Friday, January 30, 2009

Watching the New Jersey Coast Pass By

Doug here. You don't get to hear from me much since we have two professional writers on board but occasionally you'll be stuck with me.

Tammy last left you with us sitting in Sandy Hook, New Jersey, watching the sunset. We have started capturing the sunsets and there is a set on our Flickr account that shows them. They are quite magnificent. The trip today was from Sandy Hook to Absecon (Atlantic City) which is a 10 to 11 hour steam under the best of conditions. Our day started this morning at oh dark thirty (5:30 AM to you land lubbers). We had the boat ready by 6:00 and just waited for the sun to get up high enough for Tammy to see to navigate out of the anchorage and across Sandy Hook Bay. So we got a rare opportunity to see both a sunset and sunrise in the same harbor. The sunrise is something we don't often see since it happens so early. We've tried rescheduling it for later but it didn't work. The boat rooster (see Boat Kitties post) may give us more opportunities in the future.

We raised anchor at 6:25 AM and headed north out of the bay. As we approached the exit to the bay we had to enter one of the exit lanes from New York Harbor and found a very large boat in our path. This boat was one we had to dodge the night before on our way in. It seems they are dredging this particular channel so we were playing tag with the dredge boat. Tammy had to slow down for a few minutes while McFarland, the dredge boat, did a 180 degree turn in the middle of the channel that we needed to use to get out of the bay. Once McFarland was out of the way, we proceeded out into the Atlantic Ocean again for the first time since leaving Newport, RI over a week ago. Of course, Poseidon had a surprise waiting for us. He decided we needed to deal with 3 to 5 foot seas coming from both the port stern quarter and the starboard stern quarter. Now powerboats like ours, unlike sail boats I am told, do not like following seas. Having them following from both sides was not fun at all. I asked Tammy, our weather girl, how this could happen and she explained how there were two fronts fighting with each other (my words not hers, she was of course much more eloquent). This is akin to what happened in the Perfect Storm, just on a much smaller and less dangerous scale.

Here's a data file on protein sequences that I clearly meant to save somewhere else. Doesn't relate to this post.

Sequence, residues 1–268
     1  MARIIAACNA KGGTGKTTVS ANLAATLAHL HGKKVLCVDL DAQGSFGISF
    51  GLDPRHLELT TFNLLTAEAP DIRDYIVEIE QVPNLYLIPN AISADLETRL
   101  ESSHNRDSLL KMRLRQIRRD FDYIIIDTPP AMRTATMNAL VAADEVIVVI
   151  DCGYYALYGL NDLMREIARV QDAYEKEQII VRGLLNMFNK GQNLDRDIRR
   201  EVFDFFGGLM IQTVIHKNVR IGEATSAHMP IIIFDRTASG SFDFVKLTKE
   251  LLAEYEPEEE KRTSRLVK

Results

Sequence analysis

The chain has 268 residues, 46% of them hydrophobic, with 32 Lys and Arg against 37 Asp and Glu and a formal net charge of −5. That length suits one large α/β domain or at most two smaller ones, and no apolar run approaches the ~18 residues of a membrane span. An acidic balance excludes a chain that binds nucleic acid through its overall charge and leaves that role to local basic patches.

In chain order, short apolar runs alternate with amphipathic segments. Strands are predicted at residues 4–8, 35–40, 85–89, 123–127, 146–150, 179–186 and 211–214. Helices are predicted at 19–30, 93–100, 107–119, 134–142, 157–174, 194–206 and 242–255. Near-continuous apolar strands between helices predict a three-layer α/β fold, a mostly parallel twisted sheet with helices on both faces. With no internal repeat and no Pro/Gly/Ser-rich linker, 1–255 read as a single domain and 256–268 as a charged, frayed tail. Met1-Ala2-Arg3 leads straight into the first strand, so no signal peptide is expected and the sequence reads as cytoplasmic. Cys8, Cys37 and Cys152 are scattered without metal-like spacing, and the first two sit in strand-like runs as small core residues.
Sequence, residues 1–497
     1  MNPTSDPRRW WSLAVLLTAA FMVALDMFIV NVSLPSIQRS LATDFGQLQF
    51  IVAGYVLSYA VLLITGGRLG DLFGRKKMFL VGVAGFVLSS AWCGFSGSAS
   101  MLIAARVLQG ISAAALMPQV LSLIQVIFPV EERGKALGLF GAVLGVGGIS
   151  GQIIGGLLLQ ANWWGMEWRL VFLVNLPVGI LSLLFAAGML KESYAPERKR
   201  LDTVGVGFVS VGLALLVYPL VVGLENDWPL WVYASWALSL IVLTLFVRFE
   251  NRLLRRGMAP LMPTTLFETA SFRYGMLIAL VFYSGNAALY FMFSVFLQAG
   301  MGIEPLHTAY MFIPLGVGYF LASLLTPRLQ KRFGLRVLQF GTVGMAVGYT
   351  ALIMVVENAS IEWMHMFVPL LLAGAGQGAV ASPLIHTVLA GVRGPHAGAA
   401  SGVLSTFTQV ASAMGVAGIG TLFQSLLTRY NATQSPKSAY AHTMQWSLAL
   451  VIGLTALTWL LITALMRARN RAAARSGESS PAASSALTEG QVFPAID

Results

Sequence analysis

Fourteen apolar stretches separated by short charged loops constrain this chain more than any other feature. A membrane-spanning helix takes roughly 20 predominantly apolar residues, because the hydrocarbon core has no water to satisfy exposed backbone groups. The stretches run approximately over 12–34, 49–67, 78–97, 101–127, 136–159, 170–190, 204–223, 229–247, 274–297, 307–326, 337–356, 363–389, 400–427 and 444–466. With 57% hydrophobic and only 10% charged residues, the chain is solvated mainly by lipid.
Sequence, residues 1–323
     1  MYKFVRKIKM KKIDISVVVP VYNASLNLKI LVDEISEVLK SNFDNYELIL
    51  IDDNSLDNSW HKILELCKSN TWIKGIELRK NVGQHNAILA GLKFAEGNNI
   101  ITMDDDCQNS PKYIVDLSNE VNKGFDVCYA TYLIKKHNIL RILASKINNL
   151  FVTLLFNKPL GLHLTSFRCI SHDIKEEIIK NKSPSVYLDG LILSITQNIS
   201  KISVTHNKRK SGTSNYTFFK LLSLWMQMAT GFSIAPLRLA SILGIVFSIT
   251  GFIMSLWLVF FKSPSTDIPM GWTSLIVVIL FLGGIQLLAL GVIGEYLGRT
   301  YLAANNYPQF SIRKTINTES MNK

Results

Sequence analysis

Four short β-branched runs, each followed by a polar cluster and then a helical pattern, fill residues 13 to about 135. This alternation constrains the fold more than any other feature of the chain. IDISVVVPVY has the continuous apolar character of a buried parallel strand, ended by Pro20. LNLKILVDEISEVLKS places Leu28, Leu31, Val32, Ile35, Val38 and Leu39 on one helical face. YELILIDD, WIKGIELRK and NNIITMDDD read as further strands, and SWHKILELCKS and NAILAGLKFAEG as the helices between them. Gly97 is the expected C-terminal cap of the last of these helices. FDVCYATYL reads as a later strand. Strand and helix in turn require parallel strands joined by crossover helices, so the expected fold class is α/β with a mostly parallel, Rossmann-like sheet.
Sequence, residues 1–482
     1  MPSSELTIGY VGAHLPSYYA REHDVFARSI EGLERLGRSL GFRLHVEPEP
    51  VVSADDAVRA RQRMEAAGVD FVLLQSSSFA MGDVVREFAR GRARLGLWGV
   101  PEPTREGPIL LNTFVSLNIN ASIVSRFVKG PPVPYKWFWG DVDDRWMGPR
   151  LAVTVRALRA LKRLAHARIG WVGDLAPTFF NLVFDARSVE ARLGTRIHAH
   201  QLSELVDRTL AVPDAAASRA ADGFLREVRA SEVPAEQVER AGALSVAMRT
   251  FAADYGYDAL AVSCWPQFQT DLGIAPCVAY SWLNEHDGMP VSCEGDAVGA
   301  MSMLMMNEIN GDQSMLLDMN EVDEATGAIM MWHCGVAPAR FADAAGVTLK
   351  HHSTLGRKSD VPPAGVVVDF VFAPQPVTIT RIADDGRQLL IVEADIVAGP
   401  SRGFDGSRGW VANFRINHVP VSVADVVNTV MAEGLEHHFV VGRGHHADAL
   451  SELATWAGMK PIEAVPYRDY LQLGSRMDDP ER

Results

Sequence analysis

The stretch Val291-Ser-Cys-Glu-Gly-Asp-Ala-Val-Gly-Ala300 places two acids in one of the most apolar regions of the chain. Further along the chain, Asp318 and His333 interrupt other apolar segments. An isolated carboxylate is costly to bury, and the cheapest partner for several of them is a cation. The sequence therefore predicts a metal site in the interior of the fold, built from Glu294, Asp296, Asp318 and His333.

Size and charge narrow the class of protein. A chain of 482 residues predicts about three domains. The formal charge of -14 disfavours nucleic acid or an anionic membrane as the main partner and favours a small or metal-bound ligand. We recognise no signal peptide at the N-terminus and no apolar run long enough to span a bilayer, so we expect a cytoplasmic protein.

I decided at this point that I had a bunch of work to do inside the boat and left Tammy and John up on the flybridge where the motion is more exaggerated. They did a great job for two hours at which point I felt that it was not fitting for me to be hiding down below and went up to stand my 2 hour watch at the helm. So, to make a long story short, we battled the following seas for over 9 hours as we watched the coast of New Jersey pass by, which is exactly what the coast of New Jersey should always do...pass by! The following seas did help our speed and we cruised at over 9 knots most of the way down the coast so we picked up time from our normal cruising speed of 7.5 to 8 knots.

Tammy, John and I took turns standing 2 hour watches at the helm. Colleen was down below with the cats, all feeling the effects of the following seas. Colleen was probably wishing she was on her father's boat, a sail boat, which likes following seas. As we approached Absecon Inlet about 3:30, I took over the helm to bring her into the marina. During the approach to the inlet we heard a disturbance on the radio that a small boat was disabled and up against the rocks nearby. As we began to enter the inlet we realized that the rocks they were up against were along the entrance to the channel and all the rescue boats that had been deployed (Marine Police, Coast Guard and Sea Tow) were all in the middle of the entrance channel leaving no room for us to maneuver and we had following seas pushing us into the inlet. We got on the radio with the Coast Guard and worked out timing of their rescue operation and only had to jog in place for a few minutes. After that, docking Gypsies at the Marina was rather anti-climatic, something docking rarely is.

So here we sit, drinking a beer, watching - you guessed it - another beautiful sunset!

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